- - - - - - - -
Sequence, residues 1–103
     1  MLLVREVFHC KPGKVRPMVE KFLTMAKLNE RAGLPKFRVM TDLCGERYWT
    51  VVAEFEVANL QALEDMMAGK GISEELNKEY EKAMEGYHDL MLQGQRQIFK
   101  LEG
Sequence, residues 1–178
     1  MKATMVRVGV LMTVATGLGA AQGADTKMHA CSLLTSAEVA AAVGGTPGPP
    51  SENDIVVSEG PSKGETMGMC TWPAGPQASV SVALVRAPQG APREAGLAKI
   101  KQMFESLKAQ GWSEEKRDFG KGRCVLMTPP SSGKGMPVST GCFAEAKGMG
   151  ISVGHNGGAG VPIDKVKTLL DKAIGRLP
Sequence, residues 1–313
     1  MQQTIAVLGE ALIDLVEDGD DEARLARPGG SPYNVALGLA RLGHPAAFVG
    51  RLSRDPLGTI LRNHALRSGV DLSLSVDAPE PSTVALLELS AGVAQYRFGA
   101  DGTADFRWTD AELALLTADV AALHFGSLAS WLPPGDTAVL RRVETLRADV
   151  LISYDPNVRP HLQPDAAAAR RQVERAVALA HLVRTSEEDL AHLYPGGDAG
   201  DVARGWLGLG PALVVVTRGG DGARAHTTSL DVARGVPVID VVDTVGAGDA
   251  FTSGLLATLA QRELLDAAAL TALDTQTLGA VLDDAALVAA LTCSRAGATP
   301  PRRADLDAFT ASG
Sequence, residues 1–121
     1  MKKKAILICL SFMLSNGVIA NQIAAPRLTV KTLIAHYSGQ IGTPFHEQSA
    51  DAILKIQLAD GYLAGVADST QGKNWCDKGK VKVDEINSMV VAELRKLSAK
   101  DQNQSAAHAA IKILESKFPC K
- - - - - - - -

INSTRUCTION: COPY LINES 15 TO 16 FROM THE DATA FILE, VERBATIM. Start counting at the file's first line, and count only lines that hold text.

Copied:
   201  DVARGWLGLG PALVVVTRGG DGARAHTTSL DVARGVPVID VVDTVGAGDA
   251  FTSGLLATLA QRELLDAAAL TALDTQTLGA VLDDAALVAA LTCSRAGATP